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Author News & Interviews

Interview: Wilton Barnhardt, author of Lookaway, Lookaway

Aug 21, 2013

In LOOKAWAY, LOOKAWAY, his first novel in 15 years, Wilton Barnhardt introduces readers to Jerene Jarvis Johnston and her husband, Duke, exemplars of Charlotte, North Carolina’s high society. Jerene works tirelessly to preserve her family's legacy, even if her loved ones aren't cooperating.'s Bronwyn Miller gets Barnhardt to open up about his inspiration for this proud-to-a-fault Southern matriarch, and the delicacy with which he had to write her in order to avoid any camp or irony. Barnhardt also discusses his own liberal brand of Southern pride, the interesting --- sometimes jarring --- way the South's past and present seem to intersect, and why he and his book-loving family started the Barnhardt Family Fund at Warren Wilson College.

Interview: William Kent Krueger, author of Tamarack County

Aug 21, 2013

William Kent Krueger is the award-winning author of 13 Cork O’Connor mysteries, as well as the stand-alone title ORDINARY GRACE. In his latest book, TAMARACK COUNTY, private investigator Cork O’Connor begins to detect a pattern of ominous incidents throughout Tamarack County and must break it before his loved ones are forced to pay the ultimate price for the sins of others. In this interview with’s Joe Hartlaub, Krueger talks about how this story presented the long-awaited opportunity for him to spotlight Cork's kids, Stephen and Anne. He also reveals how staying true in his fiction to the ever-changing nature of family life --- and life in general --- has kept things interesting for him, and explains why he loves to write about Minnesota, even though he isn’t technically a native.

Author Talk: Elizabeth Camden, author of Into the Whirlwind

Aug 12, 2013

Elizabeth Camden is the author of four books, including the Christy Award winner AGAINST THE TIDE. Her latest novel, INTO THE WHIRLWIND, is about a woman named Mollie Knox, who is desperate to save her business after the Chicago fire of 1871 destroys her city. While she struggles to rebuild, two men battle for her heart. Can Mollie rise from the ashes with both her business and her heart intact? In this interview, Camden talks about the surprising lack of adult fiction set during the aftermath of the Great Chicago Fire and, of course, her immediate instinct to fill that niche. She has always been moved by the story of the Fire, and felt that it was the perfect dramatic backdrop for a character-driven story because "tragedies burnish the true character of a person."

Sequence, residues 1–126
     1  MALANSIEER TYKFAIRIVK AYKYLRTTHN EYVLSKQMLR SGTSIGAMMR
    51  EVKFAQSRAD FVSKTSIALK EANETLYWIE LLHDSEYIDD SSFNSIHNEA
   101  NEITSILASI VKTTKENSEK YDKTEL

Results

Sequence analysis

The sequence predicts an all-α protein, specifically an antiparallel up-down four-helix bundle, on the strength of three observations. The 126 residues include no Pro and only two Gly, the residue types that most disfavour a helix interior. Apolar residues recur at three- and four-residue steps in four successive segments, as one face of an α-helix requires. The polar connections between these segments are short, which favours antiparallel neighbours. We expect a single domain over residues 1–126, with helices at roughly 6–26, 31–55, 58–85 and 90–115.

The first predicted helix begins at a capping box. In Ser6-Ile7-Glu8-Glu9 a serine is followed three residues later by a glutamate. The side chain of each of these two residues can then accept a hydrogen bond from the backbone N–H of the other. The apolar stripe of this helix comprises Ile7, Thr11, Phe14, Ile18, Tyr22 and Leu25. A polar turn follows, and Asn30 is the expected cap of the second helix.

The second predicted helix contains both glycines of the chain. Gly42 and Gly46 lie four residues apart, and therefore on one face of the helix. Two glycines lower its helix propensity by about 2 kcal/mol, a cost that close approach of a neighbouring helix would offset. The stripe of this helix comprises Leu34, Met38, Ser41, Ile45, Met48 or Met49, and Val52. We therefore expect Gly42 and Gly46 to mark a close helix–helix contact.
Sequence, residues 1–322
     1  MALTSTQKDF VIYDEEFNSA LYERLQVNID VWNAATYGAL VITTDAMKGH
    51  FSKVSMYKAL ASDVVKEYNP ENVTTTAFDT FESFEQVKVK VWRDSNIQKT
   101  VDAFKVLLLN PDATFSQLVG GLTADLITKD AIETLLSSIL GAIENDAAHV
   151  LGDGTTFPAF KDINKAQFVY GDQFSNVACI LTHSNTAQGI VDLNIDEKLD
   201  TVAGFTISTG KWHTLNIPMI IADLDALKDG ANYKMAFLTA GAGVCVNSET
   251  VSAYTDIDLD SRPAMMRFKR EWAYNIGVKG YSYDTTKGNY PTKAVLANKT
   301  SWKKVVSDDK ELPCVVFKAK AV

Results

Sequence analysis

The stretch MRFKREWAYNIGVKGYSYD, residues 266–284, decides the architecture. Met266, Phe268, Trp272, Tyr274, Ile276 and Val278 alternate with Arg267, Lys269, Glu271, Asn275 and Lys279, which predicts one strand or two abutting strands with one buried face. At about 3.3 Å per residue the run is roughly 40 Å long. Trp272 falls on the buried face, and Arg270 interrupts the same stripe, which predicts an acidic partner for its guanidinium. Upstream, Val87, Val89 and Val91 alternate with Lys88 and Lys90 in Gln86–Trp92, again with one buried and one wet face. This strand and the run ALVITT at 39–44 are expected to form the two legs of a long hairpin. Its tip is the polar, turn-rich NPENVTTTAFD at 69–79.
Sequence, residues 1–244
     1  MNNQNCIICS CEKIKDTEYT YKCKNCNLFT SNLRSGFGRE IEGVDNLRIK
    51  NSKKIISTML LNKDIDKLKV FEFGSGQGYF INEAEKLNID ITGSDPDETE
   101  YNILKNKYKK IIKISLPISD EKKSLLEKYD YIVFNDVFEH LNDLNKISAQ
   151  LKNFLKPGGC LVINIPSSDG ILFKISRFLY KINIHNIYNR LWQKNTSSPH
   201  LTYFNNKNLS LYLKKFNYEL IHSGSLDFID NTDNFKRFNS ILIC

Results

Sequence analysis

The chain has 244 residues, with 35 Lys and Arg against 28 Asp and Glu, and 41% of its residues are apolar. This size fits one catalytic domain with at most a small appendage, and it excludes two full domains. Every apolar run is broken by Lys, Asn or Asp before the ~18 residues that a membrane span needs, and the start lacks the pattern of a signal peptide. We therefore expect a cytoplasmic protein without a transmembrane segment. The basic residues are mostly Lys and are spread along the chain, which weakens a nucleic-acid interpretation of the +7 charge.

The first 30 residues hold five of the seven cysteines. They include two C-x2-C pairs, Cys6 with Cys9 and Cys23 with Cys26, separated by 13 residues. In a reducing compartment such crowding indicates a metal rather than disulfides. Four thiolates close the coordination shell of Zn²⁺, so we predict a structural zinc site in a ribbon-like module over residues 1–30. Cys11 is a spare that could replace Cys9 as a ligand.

Author Talk: Julianna Deering , author of Rules of Murder: A Drew Farthering Mystery

Aug 12, 2013

Julianna Deering is a longtime fan of classic mysteries written in the 1920s and '30s. From the tip of his black Homburg to the crease in his stylish cheviot trousers, Drew Farthering, the hero of Deering's own mystery series that launches with RULES OF MURDER, is the epitome of a stylish 1930s English gentleman. In this interview, Deering discusses how her passion for murder mysteries inspired her own writing, along with her discovery of Father Ronald Arbuthnott Knox's rules for crafting a proper mystery story...and her subsequent decision to "bend" them. She also talks about the spiritual journey of her foppish main character and how --- once stripped of his social and monetary advantages --- he is forced to confront his own very desperate need for God.

Author Talk: Jojo Moyes, author of Me Before You

Aug 2, 2013

Jojo Moyes's ME BEFORE YOU, which was a huge hit when it released last New Year's Eve in hardcover, is now available in paperback. The novel follows Louisa Clark, who takes a badly needed job working for ex-Master of the Universe Will Traynor --- wheelchair-bound and having a hard time adjusting to his new life. In this interview, Moyes talks about the very real and tragic news story that inspired the book, as well as the personal experiences that led her to it. She also discusses her fascination with the love-hate bond between siblings, which allowed her to write so compellingly about the relationship between Louisa and her sister, Treena. Lastly, Moyes tentatively weighs in on the re-heated debate about whether or not having children is essential to understanding the human condition, and how achieving broader commercial success has changed her writing process --- for better or for worse.